WWW.HOME-IMPROVEMENT-HOME-IMPROVEMENT.COM
Living Vinyl Siding II
» Air Conditioners
» Air Conditioners II
» Air Conditioning
» Air Purifiers
» Aluminum Siding
» Basement Plan
» Basement Lighting
» Basement Plumbing
» Basement Remodeling
» Carpet Home Improvement
» Home Projects - Carpets
» Carpet/Rug Issues
» Ceiling Fan Installation
» Coffered Ceilings
» Cordless Drill Guide
» Crawlspace Repair
» Dining Room Remodeling
» Doors - Deadbolts
» Dryer Basement
» DryWall Home Improvement
» Finishing Hardwood Flooring
» Fireplace Guides
» Flooring
» Freezers
» Furniture Facelift
» Garages Home Improvement
» Gas Fireplaces
» Gas Logs
» Home Generators
» Hot Water Heaters
» Indoor Lights
» Indoor Rugs
» Installing Hardwood Flooring
» Ladders Home Improvement
» Living Room Window Boxes
» Marble Floors
» Mold Allergies
» Offices
» Paneling
» Repairing Wood Floors
» Siding Home Improvement
» SkyLight
» SkyLight Set Up
» Smoke Alarm Tips
» The Septic Tank
» Stone Fireplace
» Track Lighting
» Vaccum Cleaner
» Vinyl Floors
» Vinyl Siding
» Vinyl Siding II
» Vinyl Tile
» Walls
» Wallpaper

Just imagine having a beautiful home that never required painting. With vinyl siding, this is exactly what you get. In fact vinyl siding is the most popular choice for maintenance-free siding in homes being built today. Not only is it manageable but you will find that it comes in a large choice of colors and styles. Additionally, you can choose coordinating trim and accessories so the completed copy is stunning. This type of siding comes in all types of colors that range from light to dark. Just remember that the darker colors do fade more than the lighter colors do.

When it comes to choosing the right vinyl siding for your home, you need to remember that the thickness or gauge will determine how durable the siding and the cost. The thicker, the longer the siding will last and the more it will cost. Typically, vinyl siding sold at home improvement stores measures from .040 to .045 inches thick while the best you can buy is .055 inches thick.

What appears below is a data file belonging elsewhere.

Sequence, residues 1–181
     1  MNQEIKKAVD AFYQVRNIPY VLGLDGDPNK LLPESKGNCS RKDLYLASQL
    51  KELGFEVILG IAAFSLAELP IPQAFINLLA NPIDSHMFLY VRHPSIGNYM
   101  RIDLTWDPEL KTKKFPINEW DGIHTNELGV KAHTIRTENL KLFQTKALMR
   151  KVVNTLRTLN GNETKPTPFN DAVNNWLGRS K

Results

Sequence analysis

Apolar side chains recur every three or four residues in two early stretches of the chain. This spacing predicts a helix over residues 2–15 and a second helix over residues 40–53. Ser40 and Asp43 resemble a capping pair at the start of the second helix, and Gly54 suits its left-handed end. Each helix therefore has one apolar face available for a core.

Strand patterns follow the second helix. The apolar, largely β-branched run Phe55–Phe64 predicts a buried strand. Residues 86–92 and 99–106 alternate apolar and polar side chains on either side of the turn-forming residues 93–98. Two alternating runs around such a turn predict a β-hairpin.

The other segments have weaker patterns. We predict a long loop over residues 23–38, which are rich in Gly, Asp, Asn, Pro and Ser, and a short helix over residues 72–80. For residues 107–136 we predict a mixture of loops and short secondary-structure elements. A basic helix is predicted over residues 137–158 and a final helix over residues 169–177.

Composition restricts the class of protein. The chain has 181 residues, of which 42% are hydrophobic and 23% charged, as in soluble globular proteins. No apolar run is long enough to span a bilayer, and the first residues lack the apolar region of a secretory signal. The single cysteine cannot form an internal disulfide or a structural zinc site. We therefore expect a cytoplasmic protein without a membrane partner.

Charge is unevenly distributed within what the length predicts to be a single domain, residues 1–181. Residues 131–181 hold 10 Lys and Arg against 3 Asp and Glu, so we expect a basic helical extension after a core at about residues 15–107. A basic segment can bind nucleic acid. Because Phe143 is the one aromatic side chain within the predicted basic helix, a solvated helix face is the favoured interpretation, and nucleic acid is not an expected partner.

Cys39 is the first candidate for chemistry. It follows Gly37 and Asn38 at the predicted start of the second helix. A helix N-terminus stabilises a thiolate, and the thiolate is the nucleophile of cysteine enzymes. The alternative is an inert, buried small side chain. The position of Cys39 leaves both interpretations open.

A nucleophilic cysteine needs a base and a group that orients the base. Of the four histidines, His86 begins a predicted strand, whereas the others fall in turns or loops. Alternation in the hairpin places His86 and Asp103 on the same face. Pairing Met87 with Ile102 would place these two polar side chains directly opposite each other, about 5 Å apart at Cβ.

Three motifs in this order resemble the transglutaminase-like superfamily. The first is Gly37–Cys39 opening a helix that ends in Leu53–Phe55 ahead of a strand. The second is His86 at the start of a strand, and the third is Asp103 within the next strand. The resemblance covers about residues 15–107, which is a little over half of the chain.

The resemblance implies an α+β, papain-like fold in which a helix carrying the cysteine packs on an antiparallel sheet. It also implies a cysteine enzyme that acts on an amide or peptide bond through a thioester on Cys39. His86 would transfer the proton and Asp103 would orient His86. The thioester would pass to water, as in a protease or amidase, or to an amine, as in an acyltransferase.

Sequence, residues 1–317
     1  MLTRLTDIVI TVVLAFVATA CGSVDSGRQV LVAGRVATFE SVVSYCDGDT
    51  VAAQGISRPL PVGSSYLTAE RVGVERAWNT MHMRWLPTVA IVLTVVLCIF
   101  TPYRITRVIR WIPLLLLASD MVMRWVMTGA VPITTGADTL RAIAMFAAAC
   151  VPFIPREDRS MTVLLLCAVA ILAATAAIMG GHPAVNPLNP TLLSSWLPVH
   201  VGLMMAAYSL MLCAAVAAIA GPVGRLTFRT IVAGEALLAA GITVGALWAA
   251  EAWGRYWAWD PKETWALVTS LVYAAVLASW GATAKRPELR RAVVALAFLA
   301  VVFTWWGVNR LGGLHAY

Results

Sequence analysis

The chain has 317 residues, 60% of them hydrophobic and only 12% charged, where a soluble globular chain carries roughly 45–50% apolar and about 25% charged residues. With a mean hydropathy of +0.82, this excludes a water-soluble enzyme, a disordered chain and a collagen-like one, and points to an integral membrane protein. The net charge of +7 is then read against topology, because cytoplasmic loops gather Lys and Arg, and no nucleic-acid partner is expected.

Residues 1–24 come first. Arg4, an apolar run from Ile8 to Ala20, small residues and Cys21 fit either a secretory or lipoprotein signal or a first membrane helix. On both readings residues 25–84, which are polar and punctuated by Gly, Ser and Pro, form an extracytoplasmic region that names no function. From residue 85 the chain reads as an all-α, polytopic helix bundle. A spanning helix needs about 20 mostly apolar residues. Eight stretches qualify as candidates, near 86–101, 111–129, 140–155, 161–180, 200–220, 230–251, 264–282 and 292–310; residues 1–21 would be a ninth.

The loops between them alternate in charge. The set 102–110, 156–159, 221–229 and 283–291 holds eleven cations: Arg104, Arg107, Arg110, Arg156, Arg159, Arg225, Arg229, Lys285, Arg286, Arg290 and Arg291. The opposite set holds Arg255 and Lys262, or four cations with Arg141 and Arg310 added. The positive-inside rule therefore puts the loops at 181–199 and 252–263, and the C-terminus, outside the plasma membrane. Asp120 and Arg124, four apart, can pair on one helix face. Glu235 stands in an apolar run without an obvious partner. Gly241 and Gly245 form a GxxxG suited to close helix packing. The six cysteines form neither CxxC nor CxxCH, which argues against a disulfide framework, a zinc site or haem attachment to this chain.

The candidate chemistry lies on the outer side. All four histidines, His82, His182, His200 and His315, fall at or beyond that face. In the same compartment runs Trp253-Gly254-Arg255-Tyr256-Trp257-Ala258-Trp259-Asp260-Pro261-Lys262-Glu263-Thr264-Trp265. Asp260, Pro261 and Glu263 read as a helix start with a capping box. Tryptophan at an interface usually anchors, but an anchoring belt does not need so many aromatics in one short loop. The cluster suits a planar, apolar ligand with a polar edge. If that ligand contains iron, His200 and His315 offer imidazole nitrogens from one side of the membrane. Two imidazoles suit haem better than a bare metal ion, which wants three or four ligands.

You will find vinyl siding, which looks like wood that overlaps one another, leaving a four to five-inch exposure of each �board�. This particular style is called D4 or D5, with the �D� referring to �double�. Another similar option is called Dutch Lap, or D5DL. This style has the shape of what you would find with regular Dutch Lap wood siding. A third option that falls in this line is called T3, which consists of three courses of three-inch siding.

Before you start putting siding up, there are some things to consider. First, for new homes, siding is installed over wall sheathing. For older homes, sometimes it can be installed over existing siding but since siding must be nailed into wood, this is not always an option. If the home has wood siding or stucco already in place, vinyl siding can be installed over these materials but on occasion it would be necessary to install vertical furring strips first.

If you take the old siding off and put the siding directly on the wall sheathing, the insulation of the home can actually be improved. You can choose from foam insulation, cellulose, or fiberglass. A professional can inject or blow these materials to help it get into all the cavities. Once this is done, foam insulation can be added and then the vinyl siding be installed.

For new home construction, house wrap is generally used. This type of installation seals the house against air infiltration while still allowing the house to breath. With the house wrap, drafts are reduced, moisture is not trapped inside, and you can purchase this in large rolls that are then stapled to the sheathing before doors and windows are installed. For the seams, a special tape is used for sealing.

If you will be doing the siding installation on your own, regardless of the type of siding, you need to follow certain guidelines:
  • Rows should all line up the same way around the house

  • The rows should be level. If you find that your house has settled over the years, the siding may be better installed vertically.

  • Avoid using thin pieces of siding around doors or soffits or under windows
 ©2004 Copyright Home Improvement General   |   About Company   |   Contact Us   |   User Agreement   |   Sitemap  
By using our site, you accept our User Agreement